Immigration advocates go full steam ahead

Times Staff Writer

One is a white landscaping firm owner who needs immigrant labor. Another is an African American who believes in universal education. A third is a refugee from Vietnam who has experienced firsthand the pain of family separation.

The three Californians joined 22 others Wednesday to launch a 10-day train tour across America to share their stories about why they believe comprehensive immigration reform is needed. The group, which represents a swath of U.S. citizens originally from Africa, Asia, Europe and Latin America, seeks to humanize the immigration debate with personal stories bound by the common immigrant dream of seeking a better life in America for themselves and their families.

“Even though we’re all different, we all have the same hopes and desires for us and our children,” said Samina Sundas, an immigrant from Pakistan, as riders prepared to leave from Union Station in Los Angeles.


Sundas said the United States offered more opportunity for single mothers like her and that it enabled her to open a preschool business and keep her family afloat after she divorced.

The Dreams Across America Tour, which will take 100 immigrant advocates to Washington, D.C., to share their stories with legislators, will stage rallies along the way as riders are picked up in such cities as San Antonio, Miami, New York, Chicago and Boston. It is being sponsored by a coalition of immigrant rights and labor groups, and religious organizations.

The tour comes as immigration reform legislation is stalled in Congress. A bipartisan Senate bill that would allow the nation’s 12 million illegal immigrants to apply for legalization, toughen border security and curtail family visas was sidelined last week.

Several speakers, including Cardinal Roger M. Mahony, pointed to a Los Angeles Times/Bloomberg Poll this week as evidence that the majority of Americans supported legalization of undocumented immigrants. The poll found that a strong majority of Americans surveyed, including two-thirds of Republicans, favored allowing illegal immigrants to become citizens if they pay fines, learn English and meet other conditions.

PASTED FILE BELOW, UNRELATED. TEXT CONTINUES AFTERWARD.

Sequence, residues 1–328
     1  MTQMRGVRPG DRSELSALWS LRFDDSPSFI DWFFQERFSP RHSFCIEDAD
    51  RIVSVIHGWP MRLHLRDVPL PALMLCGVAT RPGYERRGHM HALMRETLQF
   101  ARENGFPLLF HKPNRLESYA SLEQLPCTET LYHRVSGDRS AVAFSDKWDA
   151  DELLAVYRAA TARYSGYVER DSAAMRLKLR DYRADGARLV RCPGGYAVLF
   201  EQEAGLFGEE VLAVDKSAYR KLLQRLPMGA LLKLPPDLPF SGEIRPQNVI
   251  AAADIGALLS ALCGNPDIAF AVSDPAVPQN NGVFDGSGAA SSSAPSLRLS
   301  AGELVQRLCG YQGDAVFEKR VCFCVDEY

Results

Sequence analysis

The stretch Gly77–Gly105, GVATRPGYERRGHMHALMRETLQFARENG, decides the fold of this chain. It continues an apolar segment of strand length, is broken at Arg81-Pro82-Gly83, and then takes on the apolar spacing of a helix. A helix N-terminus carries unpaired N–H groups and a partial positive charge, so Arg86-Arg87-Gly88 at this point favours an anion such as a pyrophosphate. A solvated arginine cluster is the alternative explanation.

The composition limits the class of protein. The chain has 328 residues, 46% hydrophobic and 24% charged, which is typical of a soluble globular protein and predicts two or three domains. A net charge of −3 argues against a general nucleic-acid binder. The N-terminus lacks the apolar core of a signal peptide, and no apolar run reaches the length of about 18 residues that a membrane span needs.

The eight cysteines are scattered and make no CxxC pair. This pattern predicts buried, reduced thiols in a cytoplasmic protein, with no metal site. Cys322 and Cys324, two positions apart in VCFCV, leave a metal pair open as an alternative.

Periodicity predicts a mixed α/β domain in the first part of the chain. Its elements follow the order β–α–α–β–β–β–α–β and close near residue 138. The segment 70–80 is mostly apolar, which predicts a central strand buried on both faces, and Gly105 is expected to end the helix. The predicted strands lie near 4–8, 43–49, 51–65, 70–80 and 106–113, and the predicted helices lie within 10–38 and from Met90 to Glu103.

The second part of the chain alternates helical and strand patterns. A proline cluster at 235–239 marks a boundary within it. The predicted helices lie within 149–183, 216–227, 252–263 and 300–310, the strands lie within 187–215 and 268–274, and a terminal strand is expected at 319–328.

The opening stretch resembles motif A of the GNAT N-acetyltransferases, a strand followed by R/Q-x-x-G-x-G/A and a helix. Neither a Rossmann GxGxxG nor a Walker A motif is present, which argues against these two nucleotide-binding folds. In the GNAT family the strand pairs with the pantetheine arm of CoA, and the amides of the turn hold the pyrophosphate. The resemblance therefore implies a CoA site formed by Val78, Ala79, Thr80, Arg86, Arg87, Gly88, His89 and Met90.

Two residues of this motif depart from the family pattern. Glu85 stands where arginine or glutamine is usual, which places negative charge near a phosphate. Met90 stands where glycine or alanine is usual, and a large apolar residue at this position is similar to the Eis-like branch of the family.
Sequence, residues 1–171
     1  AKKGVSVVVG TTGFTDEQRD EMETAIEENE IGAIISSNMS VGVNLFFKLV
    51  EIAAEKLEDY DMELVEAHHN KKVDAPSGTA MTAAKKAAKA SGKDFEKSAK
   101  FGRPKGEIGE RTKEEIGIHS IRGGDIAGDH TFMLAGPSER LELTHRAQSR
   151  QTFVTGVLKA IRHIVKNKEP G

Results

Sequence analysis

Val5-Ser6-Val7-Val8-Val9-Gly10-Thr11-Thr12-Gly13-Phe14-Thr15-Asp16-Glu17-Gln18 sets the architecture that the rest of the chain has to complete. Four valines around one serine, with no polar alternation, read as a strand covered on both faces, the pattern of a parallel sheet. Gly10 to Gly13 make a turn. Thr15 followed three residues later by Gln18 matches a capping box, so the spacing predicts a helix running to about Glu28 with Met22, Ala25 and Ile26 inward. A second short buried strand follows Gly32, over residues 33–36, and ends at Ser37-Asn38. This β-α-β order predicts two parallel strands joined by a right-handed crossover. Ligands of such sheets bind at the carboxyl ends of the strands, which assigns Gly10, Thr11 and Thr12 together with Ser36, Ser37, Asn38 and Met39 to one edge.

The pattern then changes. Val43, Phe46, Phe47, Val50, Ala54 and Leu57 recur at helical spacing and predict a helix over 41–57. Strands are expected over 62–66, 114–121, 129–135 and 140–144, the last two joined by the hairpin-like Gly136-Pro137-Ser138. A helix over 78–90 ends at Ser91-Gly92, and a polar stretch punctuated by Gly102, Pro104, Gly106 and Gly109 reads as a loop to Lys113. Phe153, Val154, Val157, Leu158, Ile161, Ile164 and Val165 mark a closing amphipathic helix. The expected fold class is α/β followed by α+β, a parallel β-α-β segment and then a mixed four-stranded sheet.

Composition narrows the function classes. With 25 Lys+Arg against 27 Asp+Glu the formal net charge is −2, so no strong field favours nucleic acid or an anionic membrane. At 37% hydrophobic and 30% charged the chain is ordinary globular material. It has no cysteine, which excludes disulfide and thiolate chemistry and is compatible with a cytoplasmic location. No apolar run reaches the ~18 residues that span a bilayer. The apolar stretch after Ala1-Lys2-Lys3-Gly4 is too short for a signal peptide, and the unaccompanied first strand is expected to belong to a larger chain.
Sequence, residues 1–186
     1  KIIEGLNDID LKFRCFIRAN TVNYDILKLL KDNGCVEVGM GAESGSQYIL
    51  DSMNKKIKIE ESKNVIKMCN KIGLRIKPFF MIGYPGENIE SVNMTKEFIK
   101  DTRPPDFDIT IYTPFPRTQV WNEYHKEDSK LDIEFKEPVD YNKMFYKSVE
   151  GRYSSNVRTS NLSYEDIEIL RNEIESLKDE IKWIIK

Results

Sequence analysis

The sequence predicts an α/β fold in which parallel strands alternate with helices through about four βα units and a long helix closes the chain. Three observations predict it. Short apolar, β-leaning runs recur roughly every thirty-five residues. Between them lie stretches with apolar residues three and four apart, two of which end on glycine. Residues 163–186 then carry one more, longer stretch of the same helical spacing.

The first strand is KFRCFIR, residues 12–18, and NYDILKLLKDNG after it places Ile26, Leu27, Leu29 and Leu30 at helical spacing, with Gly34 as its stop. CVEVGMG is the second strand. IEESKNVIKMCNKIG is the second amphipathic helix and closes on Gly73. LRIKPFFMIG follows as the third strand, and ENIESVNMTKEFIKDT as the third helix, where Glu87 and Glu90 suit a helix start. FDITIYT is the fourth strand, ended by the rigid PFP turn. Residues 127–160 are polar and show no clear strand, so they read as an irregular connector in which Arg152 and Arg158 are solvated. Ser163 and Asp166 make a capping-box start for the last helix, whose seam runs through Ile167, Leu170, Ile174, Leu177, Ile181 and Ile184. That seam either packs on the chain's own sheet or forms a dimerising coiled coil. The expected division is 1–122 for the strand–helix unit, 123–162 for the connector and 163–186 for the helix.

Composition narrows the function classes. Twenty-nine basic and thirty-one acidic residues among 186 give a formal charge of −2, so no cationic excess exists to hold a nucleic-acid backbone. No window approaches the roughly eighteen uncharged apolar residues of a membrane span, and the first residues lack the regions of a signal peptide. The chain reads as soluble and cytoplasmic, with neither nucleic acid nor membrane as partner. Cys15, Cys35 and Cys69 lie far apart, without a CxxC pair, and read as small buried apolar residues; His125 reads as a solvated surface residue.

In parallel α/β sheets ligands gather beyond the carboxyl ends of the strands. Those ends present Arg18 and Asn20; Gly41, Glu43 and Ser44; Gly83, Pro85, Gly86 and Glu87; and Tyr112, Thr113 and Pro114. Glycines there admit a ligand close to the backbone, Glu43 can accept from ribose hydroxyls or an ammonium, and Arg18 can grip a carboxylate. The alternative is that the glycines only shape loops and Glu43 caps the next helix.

“We need to understand that because a few have raised ... strident voices, it doesn’t mean that they speak for the majority,” Mahony said.

Then, raising his hands, he blessed the riders.

The tour marks what promoters say is the first major collaboration between traditional immigrant rights groups and the online and blogger community. At, people can follow the train tour, post their own written or video family stories, access data on immigrants, join bloggers on the issue and download a petition calling for comprehensive reform.


The multimedia campaign was spearheaded by Rick Jacobs, the California campaign chairman for Howard Dean’s 2004 presidential campaign who was involved in the politician’s successful online organizing effort.

Jacobs, the grandson of Jews who escaped Russia because of that nation’s anti-Semitic pogroms, said he was aiming to start a national interactive conversation on the issue to show politicians that “real people” support immigration reform.

Some of those who joined the tour Wednesday included Cathy Gurney, a Chico, Calif., landscape company owner and granddaughter of immigrants from Ukraine. Gurney said she feared her business would fail without immigration reform giving her access to greater numbers of legal workers.

Her family business employs about 60 people with pay ranging from $8 to $28 an hour, and offers full health benefits, paid time off and retirement benefits, Gurney said. Yet she has a hard time finding American workers; most of those who answer her ads are immigrants without papers, whom she cannot employ.

“My American dream was to build this business, hand it to my children and spend time with my grandchildren,” Gurney said. “Yet if we can’t have access to a legal workforce, we’ll have to close.”

Virginia Franklin is an African American home healthcare worker who said she joined the tour to press for her mother’s lifelong dream: universal education. Franklin’s mother, a registered nurse who made sure her three children finished college, would have particularly supported proposed measures to allow undocumented college students access to public financial aid, Franklin said. The Baldwin Hills resident has now taken up that mantle.

Although some African Americans have objected to illegal immigrants, saying they are taking jobs from blacks, Franklin disagreed. “The jobs are out there,” she said. “Whoever wants to work, go get their behinds up and get a job.”

Another rider, Los Angeles educator Harris Luu, escaped from Vietnam with his grandparents as a child in 1975. His father was killed in the war and his mother was left behind, not informed by his grandparents that they were leaving.

The painful separation and tense reunion 14 years later have given him firsthand experiences that illustrate the importance of keeping family reunification a major component of the U.S. immigration system, he said.

Jules Boyele, a Congolese native who was granted political asylum in the 1990s, said he joined the tour to publicize the real faces of immigrants in America.

He asked Americans to consider the reasons why people feel forced into the difficult decision to leave their homelands: political repression, abject poverty, hopeless futures for their children.

“Immigrants are criminalized, portrayed as bad people invading America,” Boyele said. “But we come here to work hard, help this country and find a better life.”